Most CEOs view shareholders meetings as necessary evils, onerous obligations that are part of the big-chair mandate.
As CEOs stand before the great unwashed to deliver a hackneyed homily, they invariably wish they were on the golf course, in a customer meeting, or nearly anywhere else than in front of people who think their shares entitle them to a say in how to run the business. The nerve of the common shareholders!
Such was the case yesterday in a suburban Toronto conference hall where Mike Zafirovski, former operational hatchet man at Motorola and now CEO of Nortel Networks, held court before an audience of approximately 350 shareholders, most of whom still haven’t come to emotional or financial terms with Nortel’s implosion from tech-boom darling to telecommunications-equipment has-been. Tremendous amounts of Nortel shareholder wealth have evaporated over the last six years, and the natives are restless. Yes, caveat emptor always applies, in the stock market as well as in any other market, but Nortel didn’t help matters with its seemingly endless accounting chicanery and financial restatements. It’s hard enough for shareholders to know what they’re buying when they plump down money for stock, but it’s next to impossible to make a rational purchase when you can’t even trust the putative fundamentals.
Anyway, Zafirovski struck the stoic pose yesterday, telling shareholders that Nortel “will be a great company again,” though it might take as many as five years to get there. He also said Nortel is committed to business transformation, integrity renewal, and “growth opportunities with moderate investment.” Integrity renewal, though, does not include reviewing a business decision to build out a wireless network along a controversial rail link between China and Tibet, which a dissident shareholder argued would dilute Tibetan culture, facilitate Chinese troop movement, and the resource-constrained Chinese government to plunder Tibet’s natural resources.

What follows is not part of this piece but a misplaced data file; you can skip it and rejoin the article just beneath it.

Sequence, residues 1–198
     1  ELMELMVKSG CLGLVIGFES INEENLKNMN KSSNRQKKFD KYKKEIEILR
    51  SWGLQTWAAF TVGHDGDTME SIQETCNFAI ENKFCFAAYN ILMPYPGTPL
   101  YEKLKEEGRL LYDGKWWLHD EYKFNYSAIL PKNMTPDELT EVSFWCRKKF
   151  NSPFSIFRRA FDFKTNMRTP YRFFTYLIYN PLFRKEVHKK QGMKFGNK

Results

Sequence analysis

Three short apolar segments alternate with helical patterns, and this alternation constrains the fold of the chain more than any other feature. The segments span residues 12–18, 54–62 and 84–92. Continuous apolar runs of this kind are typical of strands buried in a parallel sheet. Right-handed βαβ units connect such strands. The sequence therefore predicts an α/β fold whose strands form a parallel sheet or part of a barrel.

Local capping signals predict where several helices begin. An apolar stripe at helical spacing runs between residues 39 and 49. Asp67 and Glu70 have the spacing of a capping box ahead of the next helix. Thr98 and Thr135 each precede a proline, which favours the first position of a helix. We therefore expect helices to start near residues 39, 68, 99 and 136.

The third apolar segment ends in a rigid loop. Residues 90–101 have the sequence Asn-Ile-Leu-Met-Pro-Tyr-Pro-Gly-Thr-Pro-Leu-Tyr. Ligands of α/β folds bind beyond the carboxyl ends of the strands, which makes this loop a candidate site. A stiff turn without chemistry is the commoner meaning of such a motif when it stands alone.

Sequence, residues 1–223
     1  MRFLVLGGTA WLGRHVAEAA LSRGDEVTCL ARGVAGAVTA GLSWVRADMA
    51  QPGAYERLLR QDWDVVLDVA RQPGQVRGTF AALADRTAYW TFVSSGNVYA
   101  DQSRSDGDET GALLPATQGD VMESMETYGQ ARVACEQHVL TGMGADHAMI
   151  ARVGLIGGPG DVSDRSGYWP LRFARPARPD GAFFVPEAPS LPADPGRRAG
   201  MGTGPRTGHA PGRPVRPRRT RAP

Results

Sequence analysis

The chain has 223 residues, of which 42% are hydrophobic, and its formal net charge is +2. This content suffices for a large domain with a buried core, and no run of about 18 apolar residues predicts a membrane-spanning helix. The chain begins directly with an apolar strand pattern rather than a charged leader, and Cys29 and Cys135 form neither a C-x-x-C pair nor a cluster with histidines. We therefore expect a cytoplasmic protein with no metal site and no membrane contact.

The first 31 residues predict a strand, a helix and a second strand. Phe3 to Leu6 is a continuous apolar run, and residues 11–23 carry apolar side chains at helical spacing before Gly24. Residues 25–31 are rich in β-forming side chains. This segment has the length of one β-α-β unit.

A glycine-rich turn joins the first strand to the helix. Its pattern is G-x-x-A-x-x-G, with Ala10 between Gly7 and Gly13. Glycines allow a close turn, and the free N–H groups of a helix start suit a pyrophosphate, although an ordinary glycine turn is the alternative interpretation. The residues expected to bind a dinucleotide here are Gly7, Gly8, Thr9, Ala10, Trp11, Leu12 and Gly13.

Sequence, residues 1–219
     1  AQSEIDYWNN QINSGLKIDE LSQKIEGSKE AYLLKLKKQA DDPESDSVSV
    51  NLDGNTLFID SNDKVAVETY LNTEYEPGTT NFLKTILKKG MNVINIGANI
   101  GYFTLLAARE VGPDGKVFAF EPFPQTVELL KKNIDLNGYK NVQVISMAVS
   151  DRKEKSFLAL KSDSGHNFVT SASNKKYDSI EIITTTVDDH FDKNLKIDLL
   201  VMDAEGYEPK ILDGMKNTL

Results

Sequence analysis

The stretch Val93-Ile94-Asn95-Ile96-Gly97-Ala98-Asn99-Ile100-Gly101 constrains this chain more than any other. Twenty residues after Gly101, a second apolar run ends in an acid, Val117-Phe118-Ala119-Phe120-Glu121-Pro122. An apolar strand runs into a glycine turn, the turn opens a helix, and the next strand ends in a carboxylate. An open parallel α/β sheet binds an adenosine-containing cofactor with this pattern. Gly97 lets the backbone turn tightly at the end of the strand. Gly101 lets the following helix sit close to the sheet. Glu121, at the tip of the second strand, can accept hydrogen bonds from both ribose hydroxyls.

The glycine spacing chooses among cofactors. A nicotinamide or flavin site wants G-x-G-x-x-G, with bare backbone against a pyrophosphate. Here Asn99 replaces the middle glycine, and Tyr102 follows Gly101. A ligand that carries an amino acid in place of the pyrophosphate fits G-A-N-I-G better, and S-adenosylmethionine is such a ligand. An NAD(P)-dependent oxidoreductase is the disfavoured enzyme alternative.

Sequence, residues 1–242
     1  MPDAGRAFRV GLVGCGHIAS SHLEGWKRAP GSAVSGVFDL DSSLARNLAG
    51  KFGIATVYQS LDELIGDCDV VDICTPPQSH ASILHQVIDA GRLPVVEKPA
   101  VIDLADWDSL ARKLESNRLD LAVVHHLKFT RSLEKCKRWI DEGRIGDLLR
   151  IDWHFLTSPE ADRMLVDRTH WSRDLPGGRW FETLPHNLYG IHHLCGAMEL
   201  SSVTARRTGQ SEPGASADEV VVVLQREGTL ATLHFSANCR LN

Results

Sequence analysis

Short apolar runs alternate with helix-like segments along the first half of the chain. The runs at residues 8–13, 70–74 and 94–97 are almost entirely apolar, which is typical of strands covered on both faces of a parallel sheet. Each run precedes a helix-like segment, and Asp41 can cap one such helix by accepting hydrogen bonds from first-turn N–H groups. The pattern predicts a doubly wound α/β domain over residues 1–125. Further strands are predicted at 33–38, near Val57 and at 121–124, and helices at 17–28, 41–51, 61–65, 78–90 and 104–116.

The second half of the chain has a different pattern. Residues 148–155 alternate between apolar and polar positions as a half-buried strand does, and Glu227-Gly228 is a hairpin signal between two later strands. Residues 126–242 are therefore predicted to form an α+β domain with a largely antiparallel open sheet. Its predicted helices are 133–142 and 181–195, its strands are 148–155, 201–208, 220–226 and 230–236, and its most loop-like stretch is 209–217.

Zafirovski attempted to make a silk purse of a sow’s ear when he said Nortel is not for sale and doesn’t need to merge to survive. Although he intimated that companies have made takeover entreaties to Nortel, I seriously doubt that any of the major players in the telecommunications-equipment market has seriously considered buying the embattled former Canadian giant. The company remains a mess, its research development, by Zafirovski’s own account, has failed to meet expectations, and its employee morale has been severely cratered. The best employees have left, and the rest are suffering the death of a thousand cuts. What’s more, the telecommunications sector continues to undergo wrenching structural change, with fewer service providers and carriers translating into a need for fewer equipment suppliers. The circle of life has become the circle of death.
It’s a good thing Zafirovski doesn’t want to sell, because nobody wants to buy what Nortel is offering. Obviously, that wasn’t a message Zafirovski could deliver to shareholders yesterday.